Celtics bench finds strength in sum of parts

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Celtics bench finds strength in sum of parts

WALTHAM In Boston's last two games, we have seen both the promise -- and problems -- that come about when you have a bench like the Boston Celtics.

As you go through the roster, you won't find a single player that you can turn to and know you'll get major production every night. But collectively, they do more than enough good things to validate their use.

We saw just how big a difference they can make, with their play in Sunday's win over Washington being one of the keys to Boston's 12-point win.

Because they don't have that one guy off the bench who delivers steady, consistent production, there will be nights when the group as a whole doesn't play well and no one player has the type of game to change that.

Their play had little to do with Boston's seven-point win at Charlotte the following night.

"That's what's so great about back-to-backs when your bench plays well," said Celtics coach Doc Rivers. "If they just play well in one of the two (games), you're good."

Despite their record which is currently the seventh-best in the East, the Celtics' goals of going deep into the playoffs have not changed.

This isn't like four or five years ago when the C's starting five was so much better than the opposing team that there was no great need for a deep and talented bench.

"Bench is key," said Brandon Bass, who began the season coming off the bench but is now a full-time starter. "If you want to be successful in this league, you need to have a strong bench that'll come through. You need them."

And like the C's as a whole, the bench understands a big part of their success will be on their ability to play more consistently.

"Just getting the chemistry out there . . . we're just trying to keep building our chemistry," said Celtics reserve Marquis Daniels.

Developing that chemistry is challenged somewhat when you have a slew of injuries and illnesses to starters. That forces players who normally come off the bench into roles with the first unit.

"We're all professionals," Daniels said. "They know when they come in, it doesn't really change much. If you're in with the starters, you're doing more of a role, and with the second group you're doing more of your role. It's not much of a difference. They're all professionals. They do a good job."

First impressions from Red Sox' 8-3 win over Rockies

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First impressions from Red Sox' 8-3 win over Rockies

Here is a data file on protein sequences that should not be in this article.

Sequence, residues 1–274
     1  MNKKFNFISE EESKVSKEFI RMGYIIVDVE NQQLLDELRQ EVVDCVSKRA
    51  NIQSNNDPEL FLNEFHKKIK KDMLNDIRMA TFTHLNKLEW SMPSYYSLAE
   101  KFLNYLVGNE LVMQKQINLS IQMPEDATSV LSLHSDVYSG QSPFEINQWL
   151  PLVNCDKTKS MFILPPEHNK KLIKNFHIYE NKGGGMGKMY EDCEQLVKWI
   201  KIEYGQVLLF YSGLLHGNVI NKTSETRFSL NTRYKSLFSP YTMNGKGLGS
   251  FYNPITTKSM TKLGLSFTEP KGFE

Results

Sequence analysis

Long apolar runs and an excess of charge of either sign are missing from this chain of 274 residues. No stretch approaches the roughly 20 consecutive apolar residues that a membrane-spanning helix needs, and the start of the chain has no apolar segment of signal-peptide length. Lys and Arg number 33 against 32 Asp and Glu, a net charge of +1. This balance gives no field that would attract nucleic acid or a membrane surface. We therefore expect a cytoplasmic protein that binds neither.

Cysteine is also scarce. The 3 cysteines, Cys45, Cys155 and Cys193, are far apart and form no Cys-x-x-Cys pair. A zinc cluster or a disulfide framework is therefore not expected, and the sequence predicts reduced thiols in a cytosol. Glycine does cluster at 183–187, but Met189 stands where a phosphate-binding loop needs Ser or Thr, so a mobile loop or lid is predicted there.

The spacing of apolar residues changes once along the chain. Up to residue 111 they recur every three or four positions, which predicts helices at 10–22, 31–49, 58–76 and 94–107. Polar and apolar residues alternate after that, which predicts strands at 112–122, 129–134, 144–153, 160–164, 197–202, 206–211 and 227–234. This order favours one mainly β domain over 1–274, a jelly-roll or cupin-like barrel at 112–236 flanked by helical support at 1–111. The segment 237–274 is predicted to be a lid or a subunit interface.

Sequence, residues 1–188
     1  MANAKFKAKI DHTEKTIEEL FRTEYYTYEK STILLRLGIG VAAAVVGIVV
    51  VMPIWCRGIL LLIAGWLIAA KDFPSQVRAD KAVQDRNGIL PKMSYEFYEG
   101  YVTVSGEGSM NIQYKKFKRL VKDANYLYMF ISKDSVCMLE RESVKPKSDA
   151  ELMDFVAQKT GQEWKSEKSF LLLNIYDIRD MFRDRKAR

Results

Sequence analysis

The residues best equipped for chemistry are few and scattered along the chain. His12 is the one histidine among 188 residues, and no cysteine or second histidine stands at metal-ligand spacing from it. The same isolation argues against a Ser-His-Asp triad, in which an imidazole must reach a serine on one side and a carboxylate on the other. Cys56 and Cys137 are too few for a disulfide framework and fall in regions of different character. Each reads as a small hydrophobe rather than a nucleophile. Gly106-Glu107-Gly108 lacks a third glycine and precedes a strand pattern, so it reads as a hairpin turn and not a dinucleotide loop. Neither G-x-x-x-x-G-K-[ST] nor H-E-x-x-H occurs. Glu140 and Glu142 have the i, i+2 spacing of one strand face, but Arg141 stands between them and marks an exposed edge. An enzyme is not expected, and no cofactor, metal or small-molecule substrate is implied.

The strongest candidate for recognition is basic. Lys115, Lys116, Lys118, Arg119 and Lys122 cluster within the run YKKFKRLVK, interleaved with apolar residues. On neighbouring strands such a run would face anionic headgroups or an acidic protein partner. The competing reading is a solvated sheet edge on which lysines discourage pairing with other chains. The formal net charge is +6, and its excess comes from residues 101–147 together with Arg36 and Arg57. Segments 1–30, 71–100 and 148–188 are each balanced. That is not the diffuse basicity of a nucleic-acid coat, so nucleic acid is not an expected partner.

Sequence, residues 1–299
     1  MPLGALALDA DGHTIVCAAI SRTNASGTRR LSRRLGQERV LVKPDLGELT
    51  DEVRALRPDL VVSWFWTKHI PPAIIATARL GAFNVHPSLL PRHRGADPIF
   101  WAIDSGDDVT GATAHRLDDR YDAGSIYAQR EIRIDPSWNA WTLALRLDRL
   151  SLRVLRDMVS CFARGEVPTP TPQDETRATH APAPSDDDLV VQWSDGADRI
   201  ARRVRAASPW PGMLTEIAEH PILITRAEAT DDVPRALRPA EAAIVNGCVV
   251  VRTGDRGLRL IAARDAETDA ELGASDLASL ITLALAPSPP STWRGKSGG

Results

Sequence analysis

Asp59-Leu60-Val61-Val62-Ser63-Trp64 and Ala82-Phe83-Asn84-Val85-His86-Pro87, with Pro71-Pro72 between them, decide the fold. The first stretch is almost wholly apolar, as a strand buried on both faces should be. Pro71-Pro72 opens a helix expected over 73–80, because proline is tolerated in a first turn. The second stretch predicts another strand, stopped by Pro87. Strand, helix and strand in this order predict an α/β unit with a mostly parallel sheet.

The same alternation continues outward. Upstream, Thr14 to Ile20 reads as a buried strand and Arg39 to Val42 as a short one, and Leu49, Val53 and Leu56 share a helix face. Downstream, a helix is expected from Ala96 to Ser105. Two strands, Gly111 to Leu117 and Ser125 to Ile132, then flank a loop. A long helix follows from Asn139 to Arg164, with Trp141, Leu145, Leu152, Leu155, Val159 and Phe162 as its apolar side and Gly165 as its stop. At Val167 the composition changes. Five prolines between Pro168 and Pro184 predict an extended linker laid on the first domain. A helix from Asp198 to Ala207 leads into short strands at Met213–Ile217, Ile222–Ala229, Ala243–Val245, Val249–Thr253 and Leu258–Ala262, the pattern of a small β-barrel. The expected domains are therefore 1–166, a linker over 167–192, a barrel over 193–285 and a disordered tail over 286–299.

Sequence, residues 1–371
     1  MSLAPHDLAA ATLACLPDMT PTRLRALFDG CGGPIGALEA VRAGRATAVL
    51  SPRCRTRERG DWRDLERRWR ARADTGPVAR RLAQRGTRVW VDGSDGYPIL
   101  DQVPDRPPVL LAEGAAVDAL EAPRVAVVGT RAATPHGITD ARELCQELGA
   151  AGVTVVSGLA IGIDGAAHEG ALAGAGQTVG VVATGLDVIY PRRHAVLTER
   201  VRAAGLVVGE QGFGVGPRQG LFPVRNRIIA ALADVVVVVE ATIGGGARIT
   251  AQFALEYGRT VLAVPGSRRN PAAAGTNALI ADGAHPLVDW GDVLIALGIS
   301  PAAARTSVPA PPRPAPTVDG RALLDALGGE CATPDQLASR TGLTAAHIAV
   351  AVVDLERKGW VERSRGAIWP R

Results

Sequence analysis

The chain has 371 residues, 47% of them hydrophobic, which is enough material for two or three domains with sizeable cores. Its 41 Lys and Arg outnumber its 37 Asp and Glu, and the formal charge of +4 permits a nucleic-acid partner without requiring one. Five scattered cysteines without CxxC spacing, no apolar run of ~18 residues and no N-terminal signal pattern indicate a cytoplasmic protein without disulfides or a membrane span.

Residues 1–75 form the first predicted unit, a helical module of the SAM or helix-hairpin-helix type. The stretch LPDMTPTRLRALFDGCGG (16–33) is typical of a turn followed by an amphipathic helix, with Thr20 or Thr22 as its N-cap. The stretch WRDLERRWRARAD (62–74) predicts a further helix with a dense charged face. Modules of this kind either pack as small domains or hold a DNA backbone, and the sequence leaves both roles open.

First impressions from the Red Sox' 8-3 win over the Colorado Rockies:

 

The Red Sox continue to use Fenway as their own little offensive playground.

Since April 20, the Red Sox are averaging exactly eight runs per game at home. That's just over a month of the covering 18 games.

They've also collected 10 or more hits in 16 of those 18 games, utilizing every bit of the field.

For the last two seasons, Fenway stopped being a tough place to play for opponents. But at home this year, the Sox have outscored opponents by 67 runs.

 

All of a sudden, the Red Sox are a triples team and Fenway is a triples haven.

A triple by Christian Vazquez - of all people -- gave the Red Sox a league-high 13 triples this season.

Fenway has a reputation for being a doubles park, but the ballpark has been home to 12 triples in 26 games - five by visiting teams and seven by the Red Sox. That translates into almost one every two games.

 

David Price was solid, but not spectacular.

The positives: Price got through the seventh inning for the fifth time this season. He walked just one and fanned six in seven innings.

He was hit hard a few times, with a homer into the visitor's bullpen allowed to Charlie Blackmon and a triple to the triangle for Carlos Gonzalez.

Consider it another step forward for Price, but it fell far short of dominant.

 

Koji Uehara's deception is heightened against teams that don't see him much.

Uehara allowed a leadoff single to D.J. LeMahieu, but then fanned three in a row, finishing each hitter off with his trademark split-finger fastball.

That pitch can be tough to recognize for hitters who see it a few times per season. For those in the National League who are largely unfamiliar with Uehara's splitter, it's apparently some sort of Kryptonite.